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Migration, dystopia and memories: London College of Fashion presents 2023 undergraduates

By Rachel Douglass


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(From left) Grace Fu, Akina Tsutsumi and Yein Park. LCF Graduate Class of 2023. Credits: Roger Dean, UAL.

As graduate season comes to a head, London College of Fashion (LCF), a faculty of University of the Arts London (UAL) has hosted its annual undergraduate catwalk show for the class of 2023.

Participants descended from the institute’s bachelors in Fashion Design Technology for both menswear and womenswear. The event kicked off LCF’s five-day period of events, through which it will be hosting a programme that spans design, film, photography, virtual reality (VR) and more.

In terms of the runway show, Andrew Teverson, pro vice-chancellor and head of LCF, said the themes of sustainability and inclusivity dictated the collections, mirroring the drive to diversify and adapt the industry.

FashionUnited has highlighted some of the standout trends throughout the graduate collections.

Menswear: migration, sports in space and new masculinity

Like many graduates, LCF designers challenged the concept of masculinity, some encouraging wearers to reconsider their authentic selves, as addressed by Cheer Zhu, while others drew on personal experiences to form tongue-in-cheek statements, as seen with Alexander Hayes’ collection.

(From left) Luke Neil, Yucheng Jia and Yuzi Zhang. LCF Undergraduate Class of 2023. Credits: Roger Dean, UAL.

Luke Neil, on the other hand, took the topic of gender to new heights, imagining a future world where queer identities can break off into a new environment through his own collection. Neil took cues from dystopian and apocalyptic worlds to form a non-conforming line of both masculine and feminine shapes, often with fluid structures that extended human features. In contrast, Yucheng Jia’s collection, ‘A Softy Man’, centred around the current world, combining “rigid” masculinity with soft craftsmanship to achieve a sense of harmony through gender.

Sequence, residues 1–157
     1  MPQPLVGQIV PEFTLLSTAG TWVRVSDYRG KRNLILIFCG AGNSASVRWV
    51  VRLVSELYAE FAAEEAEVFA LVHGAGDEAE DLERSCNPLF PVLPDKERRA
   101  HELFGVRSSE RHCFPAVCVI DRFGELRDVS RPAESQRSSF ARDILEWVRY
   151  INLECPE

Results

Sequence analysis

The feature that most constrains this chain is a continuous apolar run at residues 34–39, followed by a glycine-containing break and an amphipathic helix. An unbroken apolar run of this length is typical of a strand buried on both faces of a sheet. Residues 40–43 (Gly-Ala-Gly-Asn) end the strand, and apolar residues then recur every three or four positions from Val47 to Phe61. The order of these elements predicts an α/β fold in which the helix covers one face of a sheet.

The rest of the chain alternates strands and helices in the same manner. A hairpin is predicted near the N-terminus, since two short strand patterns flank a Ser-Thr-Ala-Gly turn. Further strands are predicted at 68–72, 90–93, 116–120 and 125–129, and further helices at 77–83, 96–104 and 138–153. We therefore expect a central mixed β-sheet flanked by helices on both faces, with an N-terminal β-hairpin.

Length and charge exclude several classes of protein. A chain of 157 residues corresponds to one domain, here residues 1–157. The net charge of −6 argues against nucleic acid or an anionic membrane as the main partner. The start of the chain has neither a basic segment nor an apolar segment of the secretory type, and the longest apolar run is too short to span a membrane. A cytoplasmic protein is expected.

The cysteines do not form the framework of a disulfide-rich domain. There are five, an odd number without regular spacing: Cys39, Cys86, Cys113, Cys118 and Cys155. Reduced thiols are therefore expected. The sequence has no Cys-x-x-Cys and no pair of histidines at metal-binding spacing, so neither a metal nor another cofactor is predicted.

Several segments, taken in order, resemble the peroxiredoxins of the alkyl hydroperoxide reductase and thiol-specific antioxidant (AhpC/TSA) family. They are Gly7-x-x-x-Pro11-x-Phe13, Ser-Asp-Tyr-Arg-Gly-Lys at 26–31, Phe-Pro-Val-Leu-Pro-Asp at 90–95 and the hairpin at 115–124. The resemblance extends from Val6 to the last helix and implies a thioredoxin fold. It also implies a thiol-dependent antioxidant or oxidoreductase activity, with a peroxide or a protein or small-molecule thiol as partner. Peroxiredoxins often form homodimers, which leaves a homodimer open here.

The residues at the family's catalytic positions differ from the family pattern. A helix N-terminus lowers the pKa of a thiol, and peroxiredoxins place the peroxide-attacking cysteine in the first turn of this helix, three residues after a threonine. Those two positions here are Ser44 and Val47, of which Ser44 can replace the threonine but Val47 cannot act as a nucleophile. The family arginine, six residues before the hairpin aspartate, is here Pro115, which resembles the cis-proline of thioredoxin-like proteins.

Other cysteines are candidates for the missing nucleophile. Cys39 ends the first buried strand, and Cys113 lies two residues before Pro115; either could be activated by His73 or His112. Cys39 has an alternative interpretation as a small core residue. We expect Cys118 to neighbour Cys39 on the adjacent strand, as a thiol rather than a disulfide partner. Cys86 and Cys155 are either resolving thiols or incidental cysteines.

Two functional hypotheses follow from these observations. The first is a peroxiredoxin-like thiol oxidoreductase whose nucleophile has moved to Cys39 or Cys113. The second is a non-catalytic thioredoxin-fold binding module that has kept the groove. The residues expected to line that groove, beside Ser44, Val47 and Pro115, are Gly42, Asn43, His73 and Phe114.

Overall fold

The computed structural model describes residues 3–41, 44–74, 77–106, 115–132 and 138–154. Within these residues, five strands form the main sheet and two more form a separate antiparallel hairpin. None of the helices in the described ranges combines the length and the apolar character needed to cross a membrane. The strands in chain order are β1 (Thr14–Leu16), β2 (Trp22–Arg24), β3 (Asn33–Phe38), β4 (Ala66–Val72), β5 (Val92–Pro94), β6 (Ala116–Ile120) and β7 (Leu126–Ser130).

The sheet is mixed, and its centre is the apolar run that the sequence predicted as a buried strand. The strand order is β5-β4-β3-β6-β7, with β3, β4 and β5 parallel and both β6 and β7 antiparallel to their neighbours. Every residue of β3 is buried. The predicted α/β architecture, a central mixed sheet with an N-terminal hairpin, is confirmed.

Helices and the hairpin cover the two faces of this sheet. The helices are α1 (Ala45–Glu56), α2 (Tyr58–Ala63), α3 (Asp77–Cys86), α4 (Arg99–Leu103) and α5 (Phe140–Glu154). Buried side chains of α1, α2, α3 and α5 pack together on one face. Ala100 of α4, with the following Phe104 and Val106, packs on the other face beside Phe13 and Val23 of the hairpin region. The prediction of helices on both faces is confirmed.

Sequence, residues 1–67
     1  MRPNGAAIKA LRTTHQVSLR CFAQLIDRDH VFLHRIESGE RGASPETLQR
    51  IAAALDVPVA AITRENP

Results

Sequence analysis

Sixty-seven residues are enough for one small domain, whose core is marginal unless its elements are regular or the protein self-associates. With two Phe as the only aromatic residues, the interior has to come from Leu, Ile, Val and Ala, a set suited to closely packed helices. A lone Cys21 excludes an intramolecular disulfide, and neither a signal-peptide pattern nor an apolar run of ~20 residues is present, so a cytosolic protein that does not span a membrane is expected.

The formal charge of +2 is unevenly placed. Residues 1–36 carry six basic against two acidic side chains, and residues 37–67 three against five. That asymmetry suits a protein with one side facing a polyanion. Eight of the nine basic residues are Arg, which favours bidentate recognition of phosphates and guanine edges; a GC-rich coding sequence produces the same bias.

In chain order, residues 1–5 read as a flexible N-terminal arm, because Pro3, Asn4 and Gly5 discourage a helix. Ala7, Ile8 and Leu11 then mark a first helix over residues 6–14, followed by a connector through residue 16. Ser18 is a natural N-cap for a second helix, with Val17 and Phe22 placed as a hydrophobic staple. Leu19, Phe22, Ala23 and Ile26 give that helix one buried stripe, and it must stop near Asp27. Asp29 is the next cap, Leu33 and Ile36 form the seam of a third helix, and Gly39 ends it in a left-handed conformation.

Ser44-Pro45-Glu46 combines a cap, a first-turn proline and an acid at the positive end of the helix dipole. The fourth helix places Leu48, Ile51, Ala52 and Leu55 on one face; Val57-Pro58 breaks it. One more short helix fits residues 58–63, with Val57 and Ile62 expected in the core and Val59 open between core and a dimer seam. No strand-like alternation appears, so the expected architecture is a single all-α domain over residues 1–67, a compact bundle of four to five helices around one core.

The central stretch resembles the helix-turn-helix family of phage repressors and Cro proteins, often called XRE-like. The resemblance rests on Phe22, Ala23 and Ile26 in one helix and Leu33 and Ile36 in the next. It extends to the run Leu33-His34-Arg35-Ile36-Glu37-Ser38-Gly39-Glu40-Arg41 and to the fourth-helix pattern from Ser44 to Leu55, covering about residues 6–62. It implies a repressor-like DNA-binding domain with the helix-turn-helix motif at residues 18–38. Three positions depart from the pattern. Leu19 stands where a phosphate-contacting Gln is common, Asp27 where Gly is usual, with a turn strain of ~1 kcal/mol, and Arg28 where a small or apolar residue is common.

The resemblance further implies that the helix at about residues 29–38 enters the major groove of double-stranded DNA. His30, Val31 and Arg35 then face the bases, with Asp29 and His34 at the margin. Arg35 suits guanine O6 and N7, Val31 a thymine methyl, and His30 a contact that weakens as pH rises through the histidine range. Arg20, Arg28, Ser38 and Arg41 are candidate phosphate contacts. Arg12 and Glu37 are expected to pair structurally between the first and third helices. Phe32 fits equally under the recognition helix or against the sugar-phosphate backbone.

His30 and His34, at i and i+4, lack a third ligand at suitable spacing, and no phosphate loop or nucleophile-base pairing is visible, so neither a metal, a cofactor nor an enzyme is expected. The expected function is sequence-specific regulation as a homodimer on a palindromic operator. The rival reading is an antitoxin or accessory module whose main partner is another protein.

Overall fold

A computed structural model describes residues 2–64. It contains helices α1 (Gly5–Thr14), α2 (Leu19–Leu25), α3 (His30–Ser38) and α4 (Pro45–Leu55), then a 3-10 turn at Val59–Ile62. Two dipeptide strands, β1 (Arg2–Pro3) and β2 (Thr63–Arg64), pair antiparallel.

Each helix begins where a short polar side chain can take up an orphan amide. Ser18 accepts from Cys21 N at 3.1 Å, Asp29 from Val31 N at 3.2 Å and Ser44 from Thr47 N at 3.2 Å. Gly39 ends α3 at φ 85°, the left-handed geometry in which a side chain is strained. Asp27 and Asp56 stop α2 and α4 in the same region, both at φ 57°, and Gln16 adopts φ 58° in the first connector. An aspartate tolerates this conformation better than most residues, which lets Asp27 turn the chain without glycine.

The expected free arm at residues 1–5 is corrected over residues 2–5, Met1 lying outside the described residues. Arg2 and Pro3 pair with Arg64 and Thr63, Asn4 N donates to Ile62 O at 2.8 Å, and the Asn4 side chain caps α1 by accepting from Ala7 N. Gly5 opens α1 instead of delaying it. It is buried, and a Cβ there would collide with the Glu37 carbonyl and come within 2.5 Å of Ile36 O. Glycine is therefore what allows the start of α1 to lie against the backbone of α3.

Some designers combined this idea of fluidity with their own perspective of culture. Minxin Xu, for example, focused on male actors playing female roles, known as ‘Hua Dan’ in Chinese opera, particularly centering on their use of bondage which distorted their sense of gender and the perception of themselves. Meanwhile, Yuzi Zhang tackled the businessman stereotype using the theory of Chinese flower arrangement to develop boundary-breaking silhouettes.

(From left) Kuan Chien Chen, Yujing Zhan and Shizhu Chen. LCF Undergraduate Class of 2023. Credits: Roger Dean, UAL.

Culture was also presented through the perspective of migration by graduates, many of which particularly focused on its clash of identity. While Kuan Chien Chen looked to his past and hometown to inform his collection of adaptable clothing, Yujing Zhou touched on the landscapes of Mongolia and the intertwining of cultures as a result of migration. For Sizhu Chen, the reflection of space and identity came in the form of a seasonless collection that referenced the notion of global citizenship through avant-garde pieces.